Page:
Hundreds of giant sequoias killed in Windy Fire

Resource advisors, burn severity maps indicate hundreds of giant sequoias were killed and others severely burned may not survive

PORTERVILLE – Hundreds of the Sequoia National Forest’s most treasured trees met their fate during the weeks long Windy Fire that started in September.

According to the National Park Service, the 97,528 acre fire burned into 11 giant sequoia groves. Five are entirely within Sequoia National Forest, two in the Tule River Indian Reservation, and four are shared across agency boundaries. The Forest Service is working to determine the impacts of the fire in the groves managed by the Forest Service. Initial assessments, based on observations by resource advisors and burn severity maps, indicate the fire killed hundreds of giant sequoias. Many more were heavily torched and may or may not survive.

“Within the high severity burned areas, most of the giant sequoias were burned and killed. In moderate severity areas, some giant sequoias may survive while those in low severity burned areas are likely to survive the Windy Fire,” stated Forest Ecosystem Manager Gretchen Fitzgerald. The Sequoia National Forest will be partnering with researchers and local experts to monitor the groves and determine the impacts of the Windy and Castle Fires over the next year.

While most firefighters were battling the blaze and trying to contain the fire fully, a special task force of firefighters and resource specialists targeted the protection of giant sequoia trees where possible. In some groves, they constructed firelines surrounding the grove or individual groups of trees, set up sprinkler systems, and removed ladder fuels from around the grove and individual trees in advance of the fire. After the fire burned through the groves, additional efforts were made to further reduce the fire’s impact on giant sequoia trees by extinguishing hot spots in and around the trees.

During initial observations, it was apparent that giant sequoia trees treated before the Windy Fire swept through the groves were more likely to survive. Those with duff and woody debris scraped away from their trunks, especially near burn marks, were less susceptible in most cases. In the Starvation Complex, four out of six giant sequoia trees, treated before the fire reached them, survived. An estimated 116 trees not accessible before the fire were killed. Similar conditions were found in the Long Meadow Grove, where more than a decade of fuels reduction efforts helped save the giant sequoia trees along the Trail of 100 Giants.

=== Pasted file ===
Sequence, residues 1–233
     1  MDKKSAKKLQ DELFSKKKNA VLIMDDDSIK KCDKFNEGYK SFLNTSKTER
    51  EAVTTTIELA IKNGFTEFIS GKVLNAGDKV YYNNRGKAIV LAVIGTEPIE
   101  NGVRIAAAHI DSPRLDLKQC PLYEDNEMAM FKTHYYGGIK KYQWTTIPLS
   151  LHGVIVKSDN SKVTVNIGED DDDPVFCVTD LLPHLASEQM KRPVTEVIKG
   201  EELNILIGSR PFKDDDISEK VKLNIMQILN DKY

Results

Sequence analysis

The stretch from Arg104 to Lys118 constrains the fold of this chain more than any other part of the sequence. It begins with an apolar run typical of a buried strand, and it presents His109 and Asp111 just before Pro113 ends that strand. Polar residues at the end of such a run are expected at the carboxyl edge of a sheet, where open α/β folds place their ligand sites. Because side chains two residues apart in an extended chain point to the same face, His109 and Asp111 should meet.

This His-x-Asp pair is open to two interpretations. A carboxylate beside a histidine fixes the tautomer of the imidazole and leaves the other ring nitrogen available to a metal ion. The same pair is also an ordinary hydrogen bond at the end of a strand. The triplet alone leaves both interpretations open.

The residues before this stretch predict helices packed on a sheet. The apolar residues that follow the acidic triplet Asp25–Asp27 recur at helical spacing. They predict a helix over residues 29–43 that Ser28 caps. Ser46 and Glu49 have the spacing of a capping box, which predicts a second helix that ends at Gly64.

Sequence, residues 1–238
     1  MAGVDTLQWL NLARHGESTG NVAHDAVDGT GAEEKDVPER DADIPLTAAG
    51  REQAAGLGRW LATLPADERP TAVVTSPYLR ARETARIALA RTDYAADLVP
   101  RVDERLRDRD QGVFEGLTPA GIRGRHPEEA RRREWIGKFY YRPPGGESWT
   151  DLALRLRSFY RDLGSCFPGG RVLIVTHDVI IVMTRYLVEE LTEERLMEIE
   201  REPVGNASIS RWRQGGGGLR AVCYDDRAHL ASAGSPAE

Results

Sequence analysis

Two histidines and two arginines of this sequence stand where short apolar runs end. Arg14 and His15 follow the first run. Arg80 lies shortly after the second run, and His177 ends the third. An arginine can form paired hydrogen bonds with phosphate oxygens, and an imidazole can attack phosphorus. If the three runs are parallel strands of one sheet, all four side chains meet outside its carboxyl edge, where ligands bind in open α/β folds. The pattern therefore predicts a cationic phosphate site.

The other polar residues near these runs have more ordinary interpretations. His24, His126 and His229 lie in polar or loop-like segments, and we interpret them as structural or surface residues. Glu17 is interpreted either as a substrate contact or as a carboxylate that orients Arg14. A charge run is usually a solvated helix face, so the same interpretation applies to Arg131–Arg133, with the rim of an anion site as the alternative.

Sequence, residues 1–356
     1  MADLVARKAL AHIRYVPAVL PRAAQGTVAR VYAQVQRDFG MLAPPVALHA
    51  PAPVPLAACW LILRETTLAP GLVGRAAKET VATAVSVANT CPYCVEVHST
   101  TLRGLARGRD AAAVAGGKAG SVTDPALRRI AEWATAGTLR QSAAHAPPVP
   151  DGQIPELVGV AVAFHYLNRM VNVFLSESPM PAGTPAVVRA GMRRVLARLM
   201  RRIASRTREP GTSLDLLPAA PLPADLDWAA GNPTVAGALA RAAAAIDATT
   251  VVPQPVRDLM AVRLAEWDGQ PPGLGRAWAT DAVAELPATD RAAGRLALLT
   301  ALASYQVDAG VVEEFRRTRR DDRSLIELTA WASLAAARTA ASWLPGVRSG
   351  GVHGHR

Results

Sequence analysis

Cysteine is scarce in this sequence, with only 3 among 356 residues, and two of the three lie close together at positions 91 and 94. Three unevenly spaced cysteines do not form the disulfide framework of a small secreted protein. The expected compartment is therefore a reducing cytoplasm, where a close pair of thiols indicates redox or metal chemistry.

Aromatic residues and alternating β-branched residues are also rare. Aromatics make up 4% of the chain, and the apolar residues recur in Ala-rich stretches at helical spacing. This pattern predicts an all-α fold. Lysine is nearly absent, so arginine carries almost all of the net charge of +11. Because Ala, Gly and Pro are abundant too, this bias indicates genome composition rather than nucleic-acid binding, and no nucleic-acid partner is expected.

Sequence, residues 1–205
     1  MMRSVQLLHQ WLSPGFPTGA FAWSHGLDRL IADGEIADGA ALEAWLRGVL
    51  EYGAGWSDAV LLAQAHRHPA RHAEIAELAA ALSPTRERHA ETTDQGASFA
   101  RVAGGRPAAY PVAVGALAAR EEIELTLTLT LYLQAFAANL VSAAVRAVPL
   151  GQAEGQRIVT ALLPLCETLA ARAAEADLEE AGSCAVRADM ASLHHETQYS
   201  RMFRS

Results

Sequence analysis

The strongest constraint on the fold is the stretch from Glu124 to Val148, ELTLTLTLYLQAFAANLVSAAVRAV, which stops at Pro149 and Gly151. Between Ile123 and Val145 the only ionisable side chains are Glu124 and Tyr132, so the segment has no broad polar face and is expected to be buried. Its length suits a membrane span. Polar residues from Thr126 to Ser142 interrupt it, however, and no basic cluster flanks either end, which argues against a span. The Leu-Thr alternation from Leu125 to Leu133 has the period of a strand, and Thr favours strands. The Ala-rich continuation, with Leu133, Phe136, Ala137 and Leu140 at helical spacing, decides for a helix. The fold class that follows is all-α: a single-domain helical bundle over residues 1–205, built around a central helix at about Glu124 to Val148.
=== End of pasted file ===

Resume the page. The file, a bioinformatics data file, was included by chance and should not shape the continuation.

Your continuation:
Tree mortality has been widely used as a measure of fire severity in conifer forests in North America. Historically, there is substantial tree survival where the stand has been exposed to low-severity or mixed-severity fire regimes. Although the thresholds are subjective, over story mortality below approximately 30% is considered low severity, 30 to 80% is considered moderate severity, and greater than 80% is considered high severity

“Recent fires highlight the need for restoration in the giant sequoia groves. By reducing fuels through prescribed burning and other density-reduction treatments, the likelihood of future large, high-severity fires can be reduced,” stated Forest Supervisor Teresa Benson. “The Giant Sequoia National Monument Management Plan requires protection, preservation, and restoration of giant sequoias through management activities. We will continue to work with our partners, Tule River Indian Reservation, National Park Service, Save the Redwoods League, and CAL FIRE on best management practices to protect and restore our giant sequoia groves.”

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